What happened

Shares of PG&E (PCG 0.89%) fell more than 13% on Thursday after the bankrupt California utility reported third-quarter results and raised 2019 cost estimates, warning that its complicated restructuring could take longer than expected to complete. Most of the news was worrisome for shareholders, who are holding out hope the company's equity will retain some value upon PG&E's emergence from bankruptcy protection.

So what

PG&E, which filed for bankruptcy in January to deal with more than $30 billion in liabilities stemming from the 2018 Camp fire in Northern California, actually reported adjusted earnings per share that came in $0.10 above expectations. But investors were understandably more focused on the utility raising its 2019 full-year cost guidance to $6.2 billion to $6.3 billion, up from $3.8 billion to $4.1 billion, due to costs associated with fires.

A power transmission tower in front of a sunset.

Image source: Getty Images.

The utility also warned its bankruptcy could extend beyond its mid-2020 target date, adding further uncertainty.

Shares of PG&E have lost nearly 90% of their value in the last year, but unlike with most bankruptcies, shareholders have held out hope that the stock would not be wiped out as part of the reorganization. Those hopes have been dented by a court decision to allow alternative plans filed by creditors to be considered along with the company's official restructuring plan. New rounds of fires, which potentially create new victims and added costs, threaten to further cut into the value of PG&E shares by the time the utility does eventually exit protection.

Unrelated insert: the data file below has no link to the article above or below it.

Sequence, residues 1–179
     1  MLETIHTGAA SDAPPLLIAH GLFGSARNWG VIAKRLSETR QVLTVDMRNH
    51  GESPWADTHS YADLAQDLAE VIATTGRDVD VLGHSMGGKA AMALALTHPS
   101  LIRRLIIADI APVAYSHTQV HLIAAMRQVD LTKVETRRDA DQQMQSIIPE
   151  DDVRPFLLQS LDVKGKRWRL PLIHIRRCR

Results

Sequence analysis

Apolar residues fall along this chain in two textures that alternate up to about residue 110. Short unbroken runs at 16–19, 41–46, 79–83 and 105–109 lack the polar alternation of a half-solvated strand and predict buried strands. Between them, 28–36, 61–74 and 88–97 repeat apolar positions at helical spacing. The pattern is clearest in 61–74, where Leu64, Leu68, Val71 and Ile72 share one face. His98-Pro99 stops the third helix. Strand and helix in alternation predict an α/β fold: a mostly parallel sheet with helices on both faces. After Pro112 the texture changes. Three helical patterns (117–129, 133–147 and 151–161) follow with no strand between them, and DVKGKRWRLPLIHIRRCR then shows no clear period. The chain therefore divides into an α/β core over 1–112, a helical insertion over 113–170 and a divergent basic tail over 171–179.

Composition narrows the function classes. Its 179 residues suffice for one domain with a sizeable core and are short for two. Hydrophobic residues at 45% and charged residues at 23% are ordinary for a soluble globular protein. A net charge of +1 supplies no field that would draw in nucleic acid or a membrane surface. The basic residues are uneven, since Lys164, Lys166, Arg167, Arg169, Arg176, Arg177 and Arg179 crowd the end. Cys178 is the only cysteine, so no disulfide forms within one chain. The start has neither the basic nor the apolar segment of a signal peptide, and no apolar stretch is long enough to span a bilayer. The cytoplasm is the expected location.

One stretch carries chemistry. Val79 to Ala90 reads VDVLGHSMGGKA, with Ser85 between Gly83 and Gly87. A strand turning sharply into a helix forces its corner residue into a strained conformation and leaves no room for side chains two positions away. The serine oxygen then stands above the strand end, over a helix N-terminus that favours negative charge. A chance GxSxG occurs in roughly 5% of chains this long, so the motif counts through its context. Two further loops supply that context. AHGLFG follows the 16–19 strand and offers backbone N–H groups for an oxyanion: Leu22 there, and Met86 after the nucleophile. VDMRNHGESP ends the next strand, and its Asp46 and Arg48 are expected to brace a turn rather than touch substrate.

Now what

Income-focused investors are typically drawn to utility stocks for their predictable cash flows and dividends, but PG&E today is far from your typical utility and is best left untouched by long-term investors. There is a variety of potential paths for the company to take out of bankruptcy, including a suggestion by some California lawmakers to turn PG&E into a customer-owned cooperative, and no real way of knowing what the utility's fate will ultimately be.